The departure of junior ground officers as a whole should not be the concern, but rather that of the exceptional junior ground officer. The following thoughts are subjective and not statistically supported, neither are they the product of a contracted Ph.D. rushing to identify his moniker paradigm shift. Rather, my perceptions as to what may be contributing to the departure of junior ground officers are drawn from the San Mateo macro-view, with Camp Pendleton's 62 Area being a crossroads of several ground military occupational specialties (MOSs), and most often the path leading northeast to Twentynine Palms and the honing of our professional skills.
I do not believe that the battalion I serve in is much different from others when I make the observation that the junior officers on board are, as a whole, a superior lot in most aspects. Were augmentation opportunities as limited as they were in the mid-1980s, the competition would be fierce. My past experience always has been that a battalion would have a "feather merchant" lieutenant or two, but that does not appear to be the case today. Certainly, each has strengths and weaknesses, but overall, these junior officers arrive well prepared and eager to lead platoons and companies. With that observation made, what would influence these fine leaders to look beyond the Corps for their calling?
As a former company-grade monitor, I frequently am approached by these officers for the "scoop," and most do not like hearing what I have to say. Many have very unrealistic expectations about serving in B billets outside their MOSs. Granted, we all complained and fought it, but when the crying stopped and the dust settled, we realized that recruit training, recruiting, or even the Headquarters was where we were needed and headed. The thought that "If I can't be the Marine Officer Instructor at Vanderbilt or the attaché to Sweden, then I am getting out," is not that uncommon; in fact, it seems prevalent among junior ground officers. This is not presented as a threat by these officers, but rather with a rational "life is too short not to be enjoying my job" attitude.
It seems to me that junior officers today, to some extent, have difficulty accepting that after your first Fleet Marine Force (FMF) tour, you are going somewhere to pay your dues, earn your spot in career-level school, and with a little luck, return to the fleet for company command—taking the good with the potentially bad. Perhaps the era of officers I represent lacked the self-confidence of today's officers, and it very well could be a reflection of the status quo we observed and were conditioned by as youth. In my case, I watched my father and his peers work a lifetime with the same organization in an intensely loyal relationship, where organizational—not individual—success was sought and heralded. Obviously, I grew to expect the same. In the corporate world today, by contrast, it is far more expected and accepted that no one, particularly a successful individual, will remain with the same organization for a sustained period. Individual goals and advancement far outweigh organizational loyalty or success in most cases. Some employment specialists would say that in today's environment, if you are not seeking your next position after just a few years with a company, you are well behind the power curve.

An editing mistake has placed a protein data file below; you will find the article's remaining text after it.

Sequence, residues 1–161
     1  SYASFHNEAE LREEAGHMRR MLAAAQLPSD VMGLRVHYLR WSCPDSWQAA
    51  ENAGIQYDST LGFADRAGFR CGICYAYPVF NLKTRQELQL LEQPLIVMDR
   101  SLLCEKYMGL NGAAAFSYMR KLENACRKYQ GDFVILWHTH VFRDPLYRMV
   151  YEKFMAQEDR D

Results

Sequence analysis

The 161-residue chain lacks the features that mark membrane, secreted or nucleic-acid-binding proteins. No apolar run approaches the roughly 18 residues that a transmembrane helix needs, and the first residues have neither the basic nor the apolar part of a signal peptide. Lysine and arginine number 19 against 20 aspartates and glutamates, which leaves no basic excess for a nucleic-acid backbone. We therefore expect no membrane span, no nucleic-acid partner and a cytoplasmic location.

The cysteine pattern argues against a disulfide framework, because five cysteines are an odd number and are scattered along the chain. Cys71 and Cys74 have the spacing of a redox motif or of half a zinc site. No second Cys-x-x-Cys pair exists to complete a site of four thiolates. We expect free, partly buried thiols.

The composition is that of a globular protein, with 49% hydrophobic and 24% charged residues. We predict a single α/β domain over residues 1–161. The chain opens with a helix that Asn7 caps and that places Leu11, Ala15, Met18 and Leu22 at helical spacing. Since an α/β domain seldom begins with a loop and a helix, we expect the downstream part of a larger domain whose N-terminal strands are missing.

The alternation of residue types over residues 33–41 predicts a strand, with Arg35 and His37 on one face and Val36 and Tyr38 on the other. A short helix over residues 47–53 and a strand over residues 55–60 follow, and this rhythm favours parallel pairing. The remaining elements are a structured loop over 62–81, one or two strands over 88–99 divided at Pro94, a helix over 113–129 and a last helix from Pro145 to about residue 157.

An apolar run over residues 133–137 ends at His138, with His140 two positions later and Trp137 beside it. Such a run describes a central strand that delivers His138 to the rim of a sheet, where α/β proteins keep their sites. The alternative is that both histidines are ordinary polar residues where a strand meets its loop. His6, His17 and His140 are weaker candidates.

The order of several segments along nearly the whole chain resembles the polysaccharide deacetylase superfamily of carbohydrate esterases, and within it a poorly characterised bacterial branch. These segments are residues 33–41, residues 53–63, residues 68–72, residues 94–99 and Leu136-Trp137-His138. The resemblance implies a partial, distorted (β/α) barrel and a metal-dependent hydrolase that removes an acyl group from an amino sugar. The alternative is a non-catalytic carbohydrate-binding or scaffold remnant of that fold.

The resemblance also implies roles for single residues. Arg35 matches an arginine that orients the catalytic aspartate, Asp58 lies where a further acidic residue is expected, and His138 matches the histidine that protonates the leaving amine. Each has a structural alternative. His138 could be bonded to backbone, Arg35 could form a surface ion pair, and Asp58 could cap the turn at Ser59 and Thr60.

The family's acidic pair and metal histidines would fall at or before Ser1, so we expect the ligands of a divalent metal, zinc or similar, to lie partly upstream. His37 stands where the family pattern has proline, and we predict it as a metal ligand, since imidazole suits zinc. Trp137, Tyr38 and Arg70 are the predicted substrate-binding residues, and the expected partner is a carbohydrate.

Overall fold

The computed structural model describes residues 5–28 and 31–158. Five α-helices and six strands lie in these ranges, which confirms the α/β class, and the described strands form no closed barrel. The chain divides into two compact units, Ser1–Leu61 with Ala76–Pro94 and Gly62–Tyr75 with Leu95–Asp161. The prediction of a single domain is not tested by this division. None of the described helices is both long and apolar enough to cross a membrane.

This is in no way to question the loyalty of the junior ground officers I have observed; they would jump on a hand grenade to save any Marine. Rather, they are far more fluid toward their calling/career in life than perhaps those who preceded them. To believe that they are not influenced—right or wrong—by this current corporate thought would be foolish. Most do not see leaving the "certainty" of the military for the unknown as a significant concern, but rather view staying within the confines of the military as a far greater unknown with which to be concerned.
Most appear to possess sincerity and great piety toward the "needs of the Corps," but not beyond the scope of their immediate assignment. Consider the case of one young lieutenant, who is performing exceptionally well supporting a Marine expeditionary unit (special operations capable) battalion landing team. He is selected for augmentation, yet chooses to turn it down, explaining that he is in the best billet he can ever expect to serve in while in the Marine Corps; and though he has no definitive plans, once back from deployment he is moving on to a yet-to-be-determined pursuit outside the Corps. No degree of counseling can sway his perception, and despite the uncertainty he faces once out, he believes the unpleasantness of any non-FMF tour far outweighs the opportunity he would undoubtedly have in the future. His argument is equally compelling, and further complicated by changes in retirement and benefits, as well as the promotion rate changes of the future and their potential impact on returning to the fleet sufficiently junior to command a company.
Although operational tempo has been highlighted in the press—particularly by our brothers in arms, as the Army and Air Force deploy as never before—it does not appear to be an issue with our junior officers; in fact, they thrive on it. On the other hand, it forces them to face the realities and frustrations of a system of supply, procurement, and maintenance that is encumbering, unresponsive, and lacking in the flexibility to adequately support this heightened tempo and the demands on equipment that it brings. True, missions are accomplished and readiness levels are maintained. I have not served in a battalion that enjoyed a higher readiness rate than I do today. However, the efforts required from maintenance and supply Marines down to the wrench turners are greater by far than I have ever observed. Nothing with the existing system is simple; it requires enormous effort and savvy to facilitate its keeping pace with the present operational tempo.